under contract through 1998. Johnston, meanwhile, would have a
significant impact on the club's '98 salary cap if he were to
retire before next June 1. He signed a five-year, $7.5 million
deal in March and would count $1.6 million against next year's
cap if he calls it quits before June. (Retired stars Charles
Haley and Jay Novacek will count a combined $1.7 million.) A
bigger issue than the bulging payroll, though, is the matter of
who's going to make the personnel decisions for a team that is
aging quickly.

Owner Jerry Jones says he's the man. He says he has surrounded
himself with good scouts and good scouting services. He says
coach Barry Switzer and scouting director Larry Lacewell are
outstanding personnel men. He says Switzer is every bit the
talent evaluator his predecessor Jimmy Johnson is. He says all
of this with a straight face.

"Who's he trying to kid?" Johnson retorted last week. "Does he
think people really believe him when he says this stuff? Let me
ask you this: How many Pro Bowl players did we draft when I was

The answer is nine, in five drafts.

"How many Pro Bowl players have they drafted with Barry?"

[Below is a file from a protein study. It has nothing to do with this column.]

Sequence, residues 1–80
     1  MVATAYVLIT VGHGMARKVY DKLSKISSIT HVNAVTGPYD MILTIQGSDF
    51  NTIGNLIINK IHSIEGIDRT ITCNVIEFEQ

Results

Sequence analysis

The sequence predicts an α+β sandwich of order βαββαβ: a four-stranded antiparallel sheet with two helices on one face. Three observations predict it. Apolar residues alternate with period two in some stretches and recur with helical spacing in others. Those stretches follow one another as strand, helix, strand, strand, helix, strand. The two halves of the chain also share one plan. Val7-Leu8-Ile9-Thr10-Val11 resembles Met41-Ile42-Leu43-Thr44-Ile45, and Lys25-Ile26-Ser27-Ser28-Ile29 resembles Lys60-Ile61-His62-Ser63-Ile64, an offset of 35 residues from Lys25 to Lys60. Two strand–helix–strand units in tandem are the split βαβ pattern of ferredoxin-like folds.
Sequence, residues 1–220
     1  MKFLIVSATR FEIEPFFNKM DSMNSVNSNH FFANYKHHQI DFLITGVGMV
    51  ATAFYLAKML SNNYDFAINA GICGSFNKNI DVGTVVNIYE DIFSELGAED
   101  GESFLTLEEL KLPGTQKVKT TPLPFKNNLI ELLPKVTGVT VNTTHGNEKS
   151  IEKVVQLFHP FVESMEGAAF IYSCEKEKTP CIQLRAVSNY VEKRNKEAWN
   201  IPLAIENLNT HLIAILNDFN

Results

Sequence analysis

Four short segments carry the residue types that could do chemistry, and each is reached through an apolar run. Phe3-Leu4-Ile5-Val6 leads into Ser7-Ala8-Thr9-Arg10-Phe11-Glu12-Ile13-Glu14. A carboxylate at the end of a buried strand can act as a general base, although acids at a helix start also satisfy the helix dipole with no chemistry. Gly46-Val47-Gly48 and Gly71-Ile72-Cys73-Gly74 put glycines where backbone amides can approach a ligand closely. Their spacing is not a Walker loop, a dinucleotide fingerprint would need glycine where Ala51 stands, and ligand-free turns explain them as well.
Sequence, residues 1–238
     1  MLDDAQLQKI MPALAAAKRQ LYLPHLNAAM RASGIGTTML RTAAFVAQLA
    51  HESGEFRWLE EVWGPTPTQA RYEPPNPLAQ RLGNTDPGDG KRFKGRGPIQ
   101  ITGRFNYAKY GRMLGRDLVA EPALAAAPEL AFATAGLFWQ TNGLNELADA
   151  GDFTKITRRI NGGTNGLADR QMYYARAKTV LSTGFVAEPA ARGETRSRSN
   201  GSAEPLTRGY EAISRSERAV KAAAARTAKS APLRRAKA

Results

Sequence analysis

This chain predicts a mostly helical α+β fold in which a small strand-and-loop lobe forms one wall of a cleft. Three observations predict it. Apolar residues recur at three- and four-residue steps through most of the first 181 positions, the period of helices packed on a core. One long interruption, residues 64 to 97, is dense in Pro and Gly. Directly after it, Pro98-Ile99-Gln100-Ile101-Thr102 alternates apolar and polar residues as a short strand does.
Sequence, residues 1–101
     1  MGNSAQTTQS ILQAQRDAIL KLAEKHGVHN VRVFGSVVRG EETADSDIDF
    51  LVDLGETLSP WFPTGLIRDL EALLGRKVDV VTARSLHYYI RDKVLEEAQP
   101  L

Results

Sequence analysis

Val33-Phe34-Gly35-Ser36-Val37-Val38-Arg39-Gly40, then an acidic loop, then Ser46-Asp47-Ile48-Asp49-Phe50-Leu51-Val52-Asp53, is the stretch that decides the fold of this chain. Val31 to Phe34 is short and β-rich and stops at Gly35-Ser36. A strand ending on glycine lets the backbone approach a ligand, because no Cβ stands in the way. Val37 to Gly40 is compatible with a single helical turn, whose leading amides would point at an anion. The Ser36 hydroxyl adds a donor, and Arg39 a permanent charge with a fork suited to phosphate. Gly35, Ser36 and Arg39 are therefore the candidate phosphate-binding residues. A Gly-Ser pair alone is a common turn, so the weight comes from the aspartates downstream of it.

Johnson asked.

The answer is one, in three drafts. (That player, right guard
Larry Allen, is eligible for free agency after this season.)
True, but Johnson had seven first-round picks in his five drafts
and in his first four years was selecting higher than Switzer in
every round by virtue of the Cowboys' poorer records.

In Switzer's three drafts, only 10 of the 26 players whom Dallas
selected remain on the roster. The Cowboys have traded out of
the first round twice, and their top picks in the three
drafts--defensive end Shante Carver, running back Sherman
Williams and defensive end Kavika Pittman--have done little.
This year's draft, however, looks relatively strong. Tight end
David LaFleur, outside linebacker Dexter Coakley, defensive
tackle Antonio Anderson and strong safety Omar Stoutmire have
made significant contributions. One good draft out of four,
however, is no way to stay atop the football world.


As their turn to make their fifth-round pick in the 1995 draft
approached, the Packers scoured their board in search of a
running back. Director of college scouting John Dorsey
recommended an oft-injured back out of Georgia. But Dorsey